Dear Father Angelo,
I’m M., I’ve been writing since … and I’ve already had the opportunity to contact you about other questions.
I am married and I have two children.
I am very much in love with my wife and I don’t want to hurt her. The problem is that her health has deteriorated and most likely we will never have sex again.
I don’t want to leave her, much less betray her with other women, because I love her, I feel attached to her, and in any case, regardless of religious tenets, I have always considered betrayal a horrible thing.
However, sexuality is an important part of life, and completely repressing it requires substantial effort. It must be said that when I think of sex, I always and anyway think of sex with her, not with other women. And the idea of not being able to live it with her makes me feel incomplete and amputated.
Now I say: couldn’t it be at least partially excusable, if I sometimes practiced self-pleasuring while thinking about her in that moment?
These little outbursts would allow me to fulfill my duty – which is also what I actually want – in providing affection,faithfulness, and emotional closeness, without being disturbed by the unfulfillment of what is still an important part of my existence. (…).
One of the recognized functions of marriage is Sedatio Concupiscentiae – that is, if my recollections of Latin do not failme – to appease the desire, making sure that it finds legitimate satisfaction and does not end up in the whirlwind of disorder and debauchery.
I’m feeling so bad, father. I love my wife, I don’t want to wrong her! As I’m typing on the computer keys, I almost feel like crying, out of the agitation and sadness in which I find myself. This happens also because my wife’s illness… strongly impacts her temperament and emotional state as well.
However, apart from this aside, which is for me an offhand outburst borne out of sadness and despair: coming back to the matter about self-pleasuring, can it be a mortal sin without any mitigating circumstances, even in the situation I am living?
If you could answer me, I would be very grateful.
1. It is true that as a consequence of original sin, sexual relations also involve a remedium concupiscentiae.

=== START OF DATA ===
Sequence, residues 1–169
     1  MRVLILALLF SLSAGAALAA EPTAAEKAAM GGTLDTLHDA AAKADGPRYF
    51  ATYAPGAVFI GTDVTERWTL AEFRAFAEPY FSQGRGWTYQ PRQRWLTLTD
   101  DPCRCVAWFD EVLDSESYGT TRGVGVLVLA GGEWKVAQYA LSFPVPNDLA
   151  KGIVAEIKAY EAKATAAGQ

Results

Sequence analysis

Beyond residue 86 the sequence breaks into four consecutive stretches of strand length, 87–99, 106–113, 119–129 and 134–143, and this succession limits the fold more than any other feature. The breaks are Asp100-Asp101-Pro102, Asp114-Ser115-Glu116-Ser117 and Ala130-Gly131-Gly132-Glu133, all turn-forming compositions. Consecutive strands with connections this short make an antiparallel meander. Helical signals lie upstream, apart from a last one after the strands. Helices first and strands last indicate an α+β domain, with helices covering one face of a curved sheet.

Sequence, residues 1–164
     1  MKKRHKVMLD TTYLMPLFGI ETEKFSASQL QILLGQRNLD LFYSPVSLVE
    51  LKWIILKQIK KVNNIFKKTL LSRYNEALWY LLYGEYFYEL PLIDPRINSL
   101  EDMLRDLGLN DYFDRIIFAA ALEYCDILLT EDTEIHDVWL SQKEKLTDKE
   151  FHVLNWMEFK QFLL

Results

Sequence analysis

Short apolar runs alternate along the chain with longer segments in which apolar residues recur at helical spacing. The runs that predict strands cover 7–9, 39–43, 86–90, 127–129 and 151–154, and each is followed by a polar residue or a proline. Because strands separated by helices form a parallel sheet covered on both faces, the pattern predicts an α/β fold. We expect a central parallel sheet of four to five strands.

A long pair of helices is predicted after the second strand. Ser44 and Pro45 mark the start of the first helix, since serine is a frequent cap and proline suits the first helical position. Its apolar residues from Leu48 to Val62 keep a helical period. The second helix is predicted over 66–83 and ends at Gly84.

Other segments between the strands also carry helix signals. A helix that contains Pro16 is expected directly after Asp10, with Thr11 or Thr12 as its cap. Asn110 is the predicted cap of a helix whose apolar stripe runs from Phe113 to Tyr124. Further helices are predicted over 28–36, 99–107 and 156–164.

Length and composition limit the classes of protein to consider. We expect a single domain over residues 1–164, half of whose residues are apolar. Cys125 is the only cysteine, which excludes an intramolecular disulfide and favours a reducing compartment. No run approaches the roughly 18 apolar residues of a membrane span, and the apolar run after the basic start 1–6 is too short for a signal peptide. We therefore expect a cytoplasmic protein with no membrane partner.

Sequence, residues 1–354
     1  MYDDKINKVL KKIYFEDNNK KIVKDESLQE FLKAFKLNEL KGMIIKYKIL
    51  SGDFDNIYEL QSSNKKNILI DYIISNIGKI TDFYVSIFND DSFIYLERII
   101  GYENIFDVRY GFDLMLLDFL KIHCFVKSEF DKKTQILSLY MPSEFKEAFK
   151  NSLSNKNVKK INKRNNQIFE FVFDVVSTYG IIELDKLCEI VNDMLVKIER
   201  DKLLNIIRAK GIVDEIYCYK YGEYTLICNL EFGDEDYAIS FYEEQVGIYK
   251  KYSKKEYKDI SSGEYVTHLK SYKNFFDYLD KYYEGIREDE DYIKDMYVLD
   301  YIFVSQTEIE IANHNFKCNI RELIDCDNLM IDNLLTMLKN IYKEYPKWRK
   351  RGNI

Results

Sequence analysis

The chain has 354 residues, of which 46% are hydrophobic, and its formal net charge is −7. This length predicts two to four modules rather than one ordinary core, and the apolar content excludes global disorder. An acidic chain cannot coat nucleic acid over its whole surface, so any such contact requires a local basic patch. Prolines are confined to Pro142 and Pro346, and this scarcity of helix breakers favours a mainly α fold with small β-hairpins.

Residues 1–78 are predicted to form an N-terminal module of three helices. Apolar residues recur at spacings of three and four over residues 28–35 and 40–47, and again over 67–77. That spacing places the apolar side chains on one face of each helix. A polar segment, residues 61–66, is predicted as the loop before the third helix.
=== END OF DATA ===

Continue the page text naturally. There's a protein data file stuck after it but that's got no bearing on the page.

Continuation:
However, this should not be understood from the point of view of purely material satisfaction, but rather as meaning that the impulses of sexuality are put at the service of self-giving and procreation.
If this is not the case, they remain impure acts, as it is said, and remain in contradiction with that path of holiness that each of us is called to travel in the present life.
Holiness, that is a growing communion with God, is the goal of the earthly life we are living, and it is so necessary and indispensable that the Holy Scripture says: “Strive for peace with everyone, and for that holiness without which no one will see the Lord“(Heb 12:14).
2. There is therefore a chastity or purity of affections to be revived and fostered even in marriage.
This chastity, as indeed the practice of any virtue – think of patience, meekness, fortitude – is not built by itself, but requires discipline of the senses and of the spirit, and sometimes even to be fought for.
3. In this respect, self-eroticism is as opposite a thing to true love and holiness as there can ever be.
John Paul II, speaking about responsible parenthood, said: “Knowledge must then lead to education in selfcontrol: hence the absolute necessity for the virtue of chastity and for permanent education in it.
In the Christian view, chastity by no means signifies rejection of human sexuality or lack of esteem for it: rather it signifies spiritual energy capable of defending love from the perils of selfishness and aggressiveness, and able to advance it towards its full realization” (Familiaris Consortio, 33).